Serving the scholastic field hockey and lacrosse community since 1998

Mar. 29, 2017 — Winning, but leaving a legacy

The job action of the U.S. women’s ice hockey team is going to end this week with an agreement for better pay and for the U.S. team to hit the ice on Friday to open the 2017 IIHF World Championship.

According to some scant information (since neither side has been willing to disclose full financial details), the agreement will bolster the pay of the average U.S. player to upwards of $70,000 to $120,000 per year depending on whether the team wins an Olympics or IIHF World Championship.

That’s a lot better than the $1,000 per month pre-Olympic stipend, needless to say.

But what has also changed is that there is now equal insurance and equal travel allowances. No longer will the women have to fly coach and get less per-diem expense money than their male counterparts.

The biggest thing that came out of this agreement, however, could have effects 15, 30, and even 50 years onward. USA Hockey is now tasked with maintaining a women’s high performance advisory group to plan out a future for girls’ and women’s hockey in the United States.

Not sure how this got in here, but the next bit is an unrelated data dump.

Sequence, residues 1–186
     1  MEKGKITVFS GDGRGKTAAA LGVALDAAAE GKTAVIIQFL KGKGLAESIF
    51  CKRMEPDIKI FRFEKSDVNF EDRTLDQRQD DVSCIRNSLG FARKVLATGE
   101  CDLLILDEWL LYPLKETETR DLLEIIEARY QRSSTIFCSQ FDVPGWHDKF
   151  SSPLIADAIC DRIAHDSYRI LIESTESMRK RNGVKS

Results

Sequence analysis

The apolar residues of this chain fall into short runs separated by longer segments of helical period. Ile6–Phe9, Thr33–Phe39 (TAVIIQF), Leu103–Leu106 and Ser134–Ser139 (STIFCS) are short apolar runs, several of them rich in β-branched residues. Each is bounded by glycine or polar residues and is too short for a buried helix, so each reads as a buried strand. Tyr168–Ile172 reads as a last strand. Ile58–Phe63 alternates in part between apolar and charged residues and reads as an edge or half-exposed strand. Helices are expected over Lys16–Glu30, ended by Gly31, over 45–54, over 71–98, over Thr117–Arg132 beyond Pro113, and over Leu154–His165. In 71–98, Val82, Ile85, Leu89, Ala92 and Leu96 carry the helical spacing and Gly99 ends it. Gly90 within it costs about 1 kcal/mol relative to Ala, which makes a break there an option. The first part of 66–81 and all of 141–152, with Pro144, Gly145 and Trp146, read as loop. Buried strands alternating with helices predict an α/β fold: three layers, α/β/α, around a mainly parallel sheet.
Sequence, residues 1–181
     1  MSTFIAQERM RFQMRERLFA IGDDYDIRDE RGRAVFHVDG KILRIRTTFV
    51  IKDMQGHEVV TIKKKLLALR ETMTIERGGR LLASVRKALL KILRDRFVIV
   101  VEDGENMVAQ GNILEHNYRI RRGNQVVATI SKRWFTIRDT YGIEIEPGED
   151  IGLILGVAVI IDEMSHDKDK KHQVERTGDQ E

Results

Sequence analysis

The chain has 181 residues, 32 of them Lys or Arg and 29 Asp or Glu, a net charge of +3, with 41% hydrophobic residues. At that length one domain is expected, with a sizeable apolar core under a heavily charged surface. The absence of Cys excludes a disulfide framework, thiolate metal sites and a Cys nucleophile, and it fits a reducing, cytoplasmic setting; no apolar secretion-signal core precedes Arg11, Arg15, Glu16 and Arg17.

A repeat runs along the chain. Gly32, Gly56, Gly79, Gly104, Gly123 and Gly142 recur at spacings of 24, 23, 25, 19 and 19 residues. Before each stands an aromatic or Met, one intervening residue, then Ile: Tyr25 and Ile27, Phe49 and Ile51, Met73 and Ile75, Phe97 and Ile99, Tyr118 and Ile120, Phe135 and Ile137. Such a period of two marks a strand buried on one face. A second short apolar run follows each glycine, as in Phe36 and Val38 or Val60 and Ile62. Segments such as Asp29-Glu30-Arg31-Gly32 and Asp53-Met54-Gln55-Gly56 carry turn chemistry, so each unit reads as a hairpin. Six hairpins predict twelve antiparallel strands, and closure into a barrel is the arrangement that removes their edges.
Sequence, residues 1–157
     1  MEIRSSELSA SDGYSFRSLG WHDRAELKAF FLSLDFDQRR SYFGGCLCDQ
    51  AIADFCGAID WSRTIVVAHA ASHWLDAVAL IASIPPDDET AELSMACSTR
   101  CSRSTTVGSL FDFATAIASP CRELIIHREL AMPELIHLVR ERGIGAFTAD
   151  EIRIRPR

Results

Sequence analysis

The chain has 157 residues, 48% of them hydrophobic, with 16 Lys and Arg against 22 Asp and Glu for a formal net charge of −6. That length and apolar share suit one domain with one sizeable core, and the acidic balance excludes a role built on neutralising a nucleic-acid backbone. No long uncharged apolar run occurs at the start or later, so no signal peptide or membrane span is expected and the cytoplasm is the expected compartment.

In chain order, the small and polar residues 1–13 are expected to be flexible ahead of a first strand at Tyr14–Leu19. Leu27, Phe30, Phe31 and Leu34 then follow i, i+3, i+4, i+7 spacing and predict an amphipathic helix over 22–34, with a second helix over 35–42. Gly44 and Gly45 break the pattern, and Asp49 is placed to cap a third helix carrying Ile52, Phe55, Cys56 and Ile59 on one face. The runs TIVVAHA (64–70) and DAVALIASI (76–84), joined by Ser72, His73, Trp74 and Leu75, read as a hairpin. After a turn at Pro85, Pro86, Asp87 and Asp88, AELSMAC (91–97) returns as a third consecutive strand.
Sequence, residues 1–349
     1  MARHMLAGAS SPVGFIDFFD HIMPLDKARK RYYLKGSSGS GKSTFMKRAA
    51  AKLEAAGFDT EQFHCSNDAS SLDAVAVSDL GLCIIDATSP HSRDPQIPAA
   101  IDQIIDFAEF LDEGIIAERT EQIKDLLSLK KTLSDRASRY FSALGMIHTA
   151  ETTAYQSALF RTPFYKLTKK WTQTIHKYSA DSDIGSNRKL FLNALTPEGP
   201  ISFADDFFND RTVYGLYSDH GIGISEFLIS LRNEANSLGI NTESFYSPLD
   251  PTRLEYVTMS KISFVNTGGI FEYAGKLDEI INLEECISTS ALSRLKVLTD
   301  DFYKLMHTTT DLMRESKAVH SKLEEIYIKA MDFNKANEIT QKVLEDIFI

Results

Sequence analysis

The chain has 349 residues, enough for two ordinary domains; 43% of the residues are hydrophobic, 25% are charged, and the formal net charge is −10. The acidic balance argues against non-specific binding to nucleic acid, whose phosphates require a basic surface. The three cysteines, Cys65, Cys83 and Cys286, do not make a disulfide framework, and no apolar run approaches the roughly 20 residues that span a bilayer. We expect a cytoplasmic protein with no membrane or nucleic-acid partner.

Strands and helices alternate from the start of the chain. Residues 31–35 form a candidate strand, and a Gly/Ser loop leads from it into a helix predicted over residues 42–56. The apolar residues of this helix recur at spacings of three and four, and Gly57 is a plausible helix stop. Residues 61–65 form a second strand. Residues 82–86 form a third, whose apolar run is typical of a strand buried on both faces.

With an advisory committee, there is an opportunity for some actual power and influence, in the form of strategic planning, fundraising, and perhaps post-collegiate infrastructure.

This tells me that there is going to be an eventual buy-in by USA Hockey for the National Women’s Hockey League, the troubled two-year-old league that had to slash pay in mid-season because of budgetary shortfalls.

Let’s see what happens after the dust settles on this wage kerfuffle. I think there will be some interesting opportunities for women ice hockey players coming soon.



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